It turns out natural gas is one of the most significant raw materials in this regard: in the late 20th century, natural gas prices remained low and stable, stimulating the mass production of cheap nitrogen-based fertilizer, the backbone of today’s production agriculture. Cheap oil played an equally important role, as it is needed to manufacture transportation fuels and most agricultural chemicals.
Bottom line: American production agriculture critically depends on low and stable prices of oil and natural gas. Its no surprise such prices have been volatile and rising in the past decade. In the case of natural gas, volatile and rising prices have led to record increases in nitrogen fertilizer prices. Ask any American farmer how this cost alone has recently reduced farm profits. The International Fertilizer Industry Association recently published a worldwide fertilizer trade flow analysis showing a growing trend that the vast majority of the supply of U.S. nitrogen fertilizer is for the first time imported from overseas (www.icispricing.com). We believe better methods are needed to manufacture cheap nitrogen fertilizer without natural gas as a raw material - especially methods that promote local manufacturing in large and small communities alike.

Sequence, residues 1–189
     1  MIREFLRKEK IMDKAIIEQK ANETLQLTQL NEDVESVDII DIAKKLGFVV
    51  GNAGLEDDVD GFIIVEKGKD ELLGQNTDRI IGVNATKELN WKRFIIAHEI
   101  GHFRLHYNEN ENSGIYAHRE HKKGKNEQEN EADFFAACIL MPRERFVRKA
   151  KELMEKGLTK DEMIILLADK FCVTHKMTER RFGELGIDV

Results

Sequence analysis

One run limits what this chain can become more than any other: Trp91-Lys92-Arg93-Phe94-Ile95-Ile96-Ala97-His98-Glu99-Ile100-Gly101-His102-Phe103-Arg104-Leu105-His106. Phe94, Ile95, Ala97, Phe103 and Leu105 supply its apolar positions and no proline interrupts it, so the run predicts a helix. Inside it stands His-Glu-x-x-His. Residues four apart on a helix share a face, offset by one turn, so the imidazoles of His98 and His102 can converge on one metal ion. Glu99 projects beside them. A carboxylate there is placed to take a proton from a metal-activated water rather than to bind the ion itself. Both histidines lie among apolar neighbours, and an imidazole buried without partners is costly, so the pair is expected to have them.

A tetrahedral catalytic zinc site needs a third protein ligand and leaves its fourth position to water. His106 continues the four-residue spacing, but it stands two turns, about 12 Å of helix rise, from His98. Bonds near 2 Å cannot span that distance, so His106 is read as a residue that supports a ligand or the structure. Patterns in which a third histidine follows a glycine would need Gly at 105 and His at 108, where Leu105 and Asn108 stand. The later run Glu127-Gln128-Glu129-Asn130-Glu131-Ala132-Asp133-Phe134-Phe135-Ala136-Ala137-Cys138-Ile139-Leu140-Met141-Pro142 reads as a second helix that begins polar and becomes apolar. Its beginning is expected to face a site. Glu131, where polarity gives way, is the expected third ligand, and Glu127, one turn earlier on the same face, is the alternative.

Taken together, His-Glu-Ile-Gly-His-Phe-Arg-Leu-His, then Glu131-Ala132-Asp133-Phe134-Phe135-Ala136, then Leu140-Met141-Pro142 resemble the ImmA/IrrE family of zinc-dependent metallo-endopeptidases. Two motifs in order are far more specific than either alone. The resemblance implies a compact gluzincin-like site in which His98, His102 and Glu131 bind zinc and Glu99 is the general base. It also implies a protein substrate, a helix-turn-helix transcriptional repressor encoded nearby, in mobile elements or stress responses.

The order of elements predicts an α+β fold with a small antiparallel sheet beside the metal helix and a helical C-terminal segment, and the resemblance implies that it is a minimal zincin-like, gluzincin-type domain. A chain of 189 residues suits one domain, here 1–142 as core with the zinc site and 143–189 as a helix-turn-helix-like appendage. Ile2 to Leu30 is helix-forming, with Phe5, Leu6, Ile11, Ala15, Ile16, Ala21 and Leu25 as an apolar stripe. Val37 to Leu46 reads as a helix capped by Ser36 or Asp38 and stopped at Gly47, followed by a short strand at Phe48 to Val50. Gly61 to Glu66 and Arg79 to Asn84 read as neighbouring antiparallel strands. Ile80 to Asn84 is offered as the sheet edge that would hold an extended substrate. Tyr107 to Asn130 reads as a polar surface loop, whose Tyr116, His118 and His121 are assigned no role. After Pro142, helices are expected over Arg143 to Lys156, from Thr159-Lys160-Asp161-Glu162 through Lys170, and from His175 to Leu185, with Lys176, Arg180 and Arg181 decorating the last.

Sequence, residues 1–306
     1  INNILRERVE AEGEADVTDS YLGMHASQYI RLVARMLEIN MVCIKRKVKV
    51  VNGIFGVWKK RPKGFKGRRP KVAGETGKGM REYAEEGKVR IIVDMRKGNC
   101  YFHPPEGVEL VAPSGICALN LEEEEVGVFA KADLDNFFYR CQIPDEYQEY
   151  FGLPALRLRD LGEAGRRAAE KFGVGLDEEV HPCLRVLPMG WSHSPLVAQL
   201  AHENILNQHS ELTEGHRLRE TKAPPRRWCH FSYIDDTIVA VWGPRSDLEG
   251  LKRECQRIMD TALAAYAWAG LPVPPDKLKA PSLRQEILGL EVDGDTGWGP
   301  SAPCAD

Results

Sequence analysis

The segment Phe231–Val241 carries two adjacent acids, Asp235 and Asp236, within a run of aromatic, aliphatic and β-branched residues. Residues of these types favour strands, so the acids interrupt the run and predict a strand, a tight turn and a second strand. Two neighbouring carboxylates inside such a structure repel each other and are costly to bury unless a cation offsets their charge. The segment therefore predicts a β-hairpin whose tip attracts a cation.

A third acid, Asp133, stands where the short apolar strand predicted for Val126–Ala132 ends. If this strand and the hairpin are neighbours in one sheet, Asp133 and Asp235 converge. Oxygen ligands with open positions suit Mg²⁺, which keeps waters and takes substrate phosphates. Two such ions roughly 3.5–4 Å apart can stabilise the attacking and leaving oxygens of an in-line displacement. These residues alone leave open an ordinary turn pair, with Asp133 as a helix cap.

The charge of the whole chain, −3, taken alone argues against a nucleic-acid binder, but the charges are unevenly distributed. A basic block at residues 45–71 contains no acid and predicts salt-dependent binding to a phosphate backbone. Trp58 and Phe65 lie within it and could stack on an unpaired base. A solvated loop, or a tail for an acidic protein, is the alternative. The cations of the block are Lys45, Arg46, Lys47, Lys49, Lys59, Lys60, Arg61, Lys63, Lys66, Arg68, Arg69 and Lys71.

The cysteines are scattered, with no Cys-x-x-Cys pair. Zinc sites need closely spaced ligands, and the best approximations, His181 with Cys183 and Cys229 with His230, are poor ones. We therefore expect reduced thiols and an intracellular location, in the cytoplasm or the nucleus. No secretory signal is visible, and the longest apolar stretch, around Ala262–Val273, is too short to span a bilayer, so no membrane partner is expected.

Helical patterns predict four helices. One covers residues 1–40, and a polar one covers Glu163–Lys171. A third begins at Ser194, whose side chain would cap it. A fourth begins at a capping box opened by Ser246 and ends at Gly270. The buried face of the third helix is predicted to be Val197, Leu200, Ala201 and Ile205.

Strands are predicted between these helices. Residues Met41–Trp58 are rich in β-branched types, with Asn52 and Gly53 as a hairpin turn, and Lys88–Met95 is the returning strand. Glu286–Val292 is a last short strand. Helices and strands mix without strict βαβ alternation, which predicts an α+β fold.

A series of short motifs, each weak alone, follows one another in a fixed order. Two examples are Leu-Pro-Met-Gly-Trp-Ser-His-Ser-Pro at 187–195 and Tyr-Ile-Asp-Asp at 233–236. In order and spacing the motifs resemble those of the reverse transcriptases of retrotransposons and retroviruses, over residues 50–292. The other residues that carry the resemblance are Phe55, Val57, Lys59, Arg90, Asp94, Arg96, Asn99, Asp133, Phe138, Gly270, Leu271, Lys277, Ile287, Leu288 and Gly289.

The benefits of the green revolution came at a price – depleted nutrients in top soils and decreased top soil depth, increased soil compaction, and decreased water quality, to name a few. Furthermore, several leading economists are expressing concern that, at the rapid rate the world population is now growing, global food demand will sooner or later exceed supply (National Geographic June 2009). Thus, a major challenge in producing sufficient food while reducing negative economic and environmental impacts is to find cost points where profitability and sustainability intersect. We believe one such cost point may be vermicomposting, a process using worms to convert organic wastes into cheap, nitrogen-based soil amendments.